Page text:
The inside flap of Wildwood — the new young-adult fantasy novel by Decemberist Colin Meloy — claims that the book is for ages nine and up.
Say I got the assignment to pick author blurbs for the back of a children's book. You know whom I wouldn't choose?
Jonathan Safran Foer. Or Michael Chabon.
Oh, I don't doubt that Park Slope brownstones are positively curdling with nine-year-olds who demand readings of Wonder Boys at bedtime. But you don't market 500-plus pages in hardback just for one neighborhood, no matter how monstrously fertile that neighborhood may be.
And yet Wildwood does exactly that. Something is afoot.
Wildwood tells the story of the Impassable Wilderness, a magical, mysterious forest which abuts Portland, Oregon. Like that Chinese restaurant that used to be in Davis Square, no one knows what happens inside the Impassable Wilderness, and no one ever goes inside. No one, that is, until 12-year-old Prue's infant brother Mac is stolen by a pack of crows. A murder of crows, as we're tirelessly informed. The crows fly off to the Impassable Wilderness. Prue plunges in after them, only to get swept up in a power struggle waged by a deposed Dowager Governess and her army of Napoleonic coyotes.
That all sounds pretty kid-friendly, right? With its talking animals and its oily queen who flatters Prue's friend Curtis into joining the wrong side, you could be forgiven for thinking that Wildwood is a Jesus-free rip-off of The Lion, the Witch, and the Wardrobe.If that's all it were, that would be great. I'd greet the day with a lusty halloo if that's all it were!
But that's not all it were. Suddenly those back-cover Chaboners make sense when you realize that this book wasn't written for "Young Adults." That's publishing jargon for "just old enough to feel body shame." No, Wildwood was written for actual young adults. As in, old enough to be admitted to Emerson. And sleep with the quidditch team.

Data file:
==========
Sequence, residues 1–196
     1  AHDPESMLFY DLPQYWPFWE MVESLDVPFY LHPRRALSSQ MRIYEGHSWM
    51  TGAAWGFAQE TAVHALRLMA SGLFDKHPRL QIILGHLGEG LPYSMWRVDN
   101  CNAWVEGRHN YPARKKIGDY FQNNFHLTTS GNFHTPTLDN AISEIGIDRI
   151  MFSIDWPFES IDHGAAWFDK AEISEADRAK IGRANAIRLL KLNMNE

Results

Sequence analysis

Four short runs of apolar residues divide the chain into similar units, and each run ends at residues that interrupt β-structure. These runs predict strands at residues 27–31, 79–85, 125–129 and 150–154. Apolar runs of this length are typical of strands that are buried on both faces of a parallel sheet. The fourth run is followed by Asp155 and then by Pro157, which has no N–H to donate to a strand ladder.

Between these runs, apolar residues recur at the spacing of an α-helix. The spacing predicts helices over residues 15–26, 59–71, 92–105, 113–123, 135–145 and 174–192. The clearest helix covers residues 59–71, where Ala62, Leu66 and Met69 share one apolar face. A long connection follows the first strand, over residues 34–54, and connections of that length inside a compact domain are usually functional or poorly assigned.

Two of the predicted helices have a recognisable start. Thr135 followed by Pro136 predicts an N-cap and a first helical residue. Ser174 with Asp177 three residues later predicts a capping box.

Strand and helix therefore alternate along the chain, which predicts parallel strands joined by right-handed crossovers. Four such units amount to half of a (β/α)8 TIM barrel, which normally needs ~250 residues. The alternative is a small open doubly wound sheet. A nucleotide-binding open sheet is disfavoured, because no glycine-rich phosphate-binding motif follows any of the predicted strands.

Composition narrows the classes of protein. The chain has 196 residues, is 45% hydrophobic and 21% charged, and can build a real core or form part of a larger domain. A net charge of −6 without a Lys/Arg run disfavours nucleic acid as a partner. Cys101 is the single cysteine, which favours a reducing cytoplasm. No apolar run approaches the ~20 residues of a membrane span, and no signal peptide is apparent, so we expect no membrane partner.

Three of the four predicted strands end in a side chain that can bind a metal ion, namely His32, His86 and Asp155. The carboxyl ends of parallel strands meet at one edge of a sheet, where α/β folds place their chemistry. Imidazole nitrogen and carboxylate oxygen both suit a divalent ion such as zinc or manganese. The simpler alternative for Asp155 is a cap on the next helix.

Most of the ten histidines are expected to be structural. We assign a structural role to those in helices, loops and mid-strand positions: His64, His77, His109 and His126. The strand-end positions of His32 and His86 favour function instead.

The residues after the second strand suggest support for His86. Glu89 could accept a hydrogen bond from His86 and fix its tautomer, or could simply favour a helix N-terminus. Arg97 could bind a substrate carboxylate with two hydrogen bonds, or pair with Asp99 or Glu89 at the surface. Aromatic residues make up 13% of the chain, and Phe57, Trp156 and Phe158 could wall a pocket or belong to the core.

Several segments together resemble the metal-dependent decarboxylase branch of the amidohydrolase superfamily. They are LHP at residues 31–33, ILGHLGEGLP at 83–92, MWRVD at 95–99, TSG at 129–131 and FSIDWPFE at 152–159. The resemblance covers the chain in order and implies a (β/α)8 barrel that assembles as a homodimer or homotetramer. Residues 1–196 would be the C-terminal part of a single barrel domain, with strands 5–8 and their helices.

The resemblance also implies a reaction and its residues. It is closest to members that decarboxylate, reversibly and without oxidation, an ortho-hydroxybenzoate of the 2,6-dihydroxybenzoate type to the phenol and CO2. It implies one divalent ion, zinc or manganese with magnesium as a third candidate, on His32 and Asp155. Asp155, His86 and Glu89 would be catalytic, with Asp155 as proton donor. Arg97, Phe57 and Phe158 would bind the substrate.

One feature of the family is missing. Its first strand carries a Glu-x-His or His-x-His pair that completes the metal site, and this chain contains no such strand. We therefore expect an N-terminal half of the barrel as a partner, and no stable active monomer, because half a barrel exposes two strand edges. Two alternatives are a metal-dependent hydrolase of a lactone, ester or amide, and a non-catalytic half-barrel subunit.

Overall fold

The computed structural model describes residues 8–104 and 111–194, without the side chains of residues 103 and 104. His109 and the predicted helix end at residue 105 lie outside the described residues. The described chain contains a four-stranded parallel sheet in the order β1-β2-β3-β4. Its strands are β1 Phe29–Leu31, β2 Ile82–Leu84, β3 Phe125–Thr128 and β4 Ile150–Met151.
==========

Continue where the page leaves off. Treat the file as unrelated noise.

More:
Meloy's musical career has provided the soundtrack to a thousand nights of Etsy, with its tales of stevedores catching dropsy from dirty baccarat tables. And it's exactly that audience he's trying to draw in with this book. And what makes me ill is thinking about how fiendishly successful he'll be in luring the Harry Potter–bereft with a fake kid's book.
The first clue is that Portland setting. The mere mention of that rain-gray Narnia of vintage dresses and vegan scrambles is like horny-making musk for the acutely twee. But just in case his cuddleparty sybarites miss that signal, Meloy studs his prose with winks. Prue's black hoody. Her black flats. Her bicycle that he makes sure to tell us only has one speed. The book's climax — a climax, I emphasize, to a story about a magical war of succession — is kicked off with a scene of DIY bicycle repair.
Meloy has some good ideas. I liked blood-fed ivy as a doomsday weapon, and the way the story's pre-history lies in people who are mad to have children. And where most of the characters are either avatars of crummy jokes or just milky flingers of tired sarcasm, the Dowager Governess is as compelling and well-rounded as her title is irritating.
But Meloy neglects his good ideas in favor of sultry eyebrows waggled at his demo. So where a Narnia rip-off would at least be honest, Wildwood is more like a story Wes Anderson would tell Miranda July in order to charm her into giving him a QJ (quirkjob).